When I travel somewhere new, especially to a place where the food is distinctive, I often try to take a cooking class there. I find that it provides an understanding of the culture that I wouldn’t get by simply eating in a restaurant. This time, as part of my birthday present, Chris participated in the class too, a first for him. He did well and kept his sense of humor.
We also paid a visit to a hammam, a traditional Moroccan bath that has evolved from Roman origins. Les Bains de Marrakech is really more like a spa than a typical bathhouse, but the treatments are done in the traditional way.
We started out by relaxing in our own private steam room (in a traditional hammam men and women are separated). We were then scrubbed down vigorously with black soap and a coarse “kessa” glove by a strong-armed female attendant. Afterwards she tossed buckets of warm water over us for a rinse-off. Chris’s participation in the hammam experience was also part of my present, but he opted to stop after the buckets and went outside to relax by pool. I proceeded to have a ghassoul body mask treatment, followed by more buckets of water, and finally a full body massage with argan oil. Heaven.
Although we were in Marrackech for most of the trip, we did venture to the coast for an overnight in Essaouira.
A fishing village/arts and crafts colony, it’s become a popular getaway for Europeans and consequently has a Continental vibe. We dined on fish, explored the arts and crafts scene, and I rode a camel on the beach. Ambling along on the back of the camel, with the wind whipping my hair around, I couldn’t have chosen a better place to celebrate not so much the end of a half-century, but the beginning of the next one.
But more than the new experiences, or the food, or the street scenes, it’s the people I’ll remember most. Like Zou Zou, the proud keeper of a spice shop who gave us an education on the many varieties of spices and herbs used in Moroccan cuisine.
Or Fatiha, the cooking instructor who sang as she demonstrated the best way to peel a tomato.
Or Ahmed, a young man working on his graduate degree in economics while he tends his family’s pottery store. He hopes to finish his Ph.D and come to work in America. I bought some intricately painted plates from him and, as I was paying, he handed me a small bowl and said it was a gift. He asked me to think of him when I use it. I will.
- 2 medium eggplants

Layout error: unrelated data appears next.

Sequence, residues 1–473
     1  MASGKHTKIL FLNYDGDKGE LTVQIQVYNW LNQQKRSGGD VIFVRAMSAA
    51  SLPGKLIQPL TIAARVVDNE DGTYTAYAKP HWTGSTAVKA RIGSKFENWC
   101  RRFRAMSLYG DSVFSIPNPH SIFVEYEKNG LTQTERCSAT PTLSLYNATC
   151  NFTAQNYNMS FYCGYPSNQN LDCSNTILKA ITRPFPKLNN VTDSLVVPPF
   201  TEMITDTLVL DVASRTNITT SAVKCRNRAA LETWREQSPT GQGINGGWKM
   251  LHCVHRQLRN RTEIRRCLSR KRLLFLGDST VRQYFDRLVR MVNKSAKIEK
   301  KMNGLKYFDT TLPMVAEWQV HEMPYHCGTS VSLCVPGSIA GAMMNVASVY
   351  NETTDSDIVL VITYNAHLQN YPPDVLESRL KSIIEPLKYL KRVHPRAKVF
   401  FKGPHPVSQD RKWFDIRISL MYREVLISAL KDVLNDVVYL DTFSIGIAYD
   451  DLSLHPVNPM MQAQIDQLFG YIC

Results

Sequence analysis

- 2 cloves of garlic
- ½ teaspoon (2.46 ml) sea salt
- 2 tablespoons (29.57 ml) olive oil
- 2 large tomatoes
- 2 teaspoons (9.86 ml) sweet paprika
- 2 teaspoons (9.86 ml) cumin
- ½ teaspoon (2.46 ml) black pepper
- chile to taste
- 1 teaspoon (4.93) white wine vinegar
- 2 tablespoons (29.57 ml) finely chopped parsley
- Peel the eggplant, leaving thin stripes of skin spaced about an inch apart. Dice the eggplant and put it in a frying pan.
- Peel and finely chop the garlic. Using the side of a knife, mash it together with the salt and olive oil. Add this mixture to the pan and stir to combine with the eggplant. Cook on low heat, covered, for 5 minutes.
- Turn and mash the eggplant with a wooden spoon while it continues to cook, uncovered, until it softens and browns, about 10 minutes.
- Peel and dice the tomatoes and add them to the eggplant. Stir to combine.
- Add the paprika, cumin, black pepper, and chile and continue mashing and cooking until the mixture is well blended, about 5 minutes.
- Stir in the vinegar and remove the pan from the heat.
- Sprinkle with parsley before serving (warm or chilled).
Sheila McGrory-Klyza is a writer who is interested in the intersection of food, culture, and conservation. She is mainly a self-taught cook, but has taken a class here and there. She lives in a small Vermont village and is inspired by the bounty of food producers and growers surrounding her. An avid Francophile, she has also lived in France at a few different times, most recently in Paris in 2010. She writes about her food adventures in Vermont and France, and other culinary travel, on her blog The Vermont Epicure.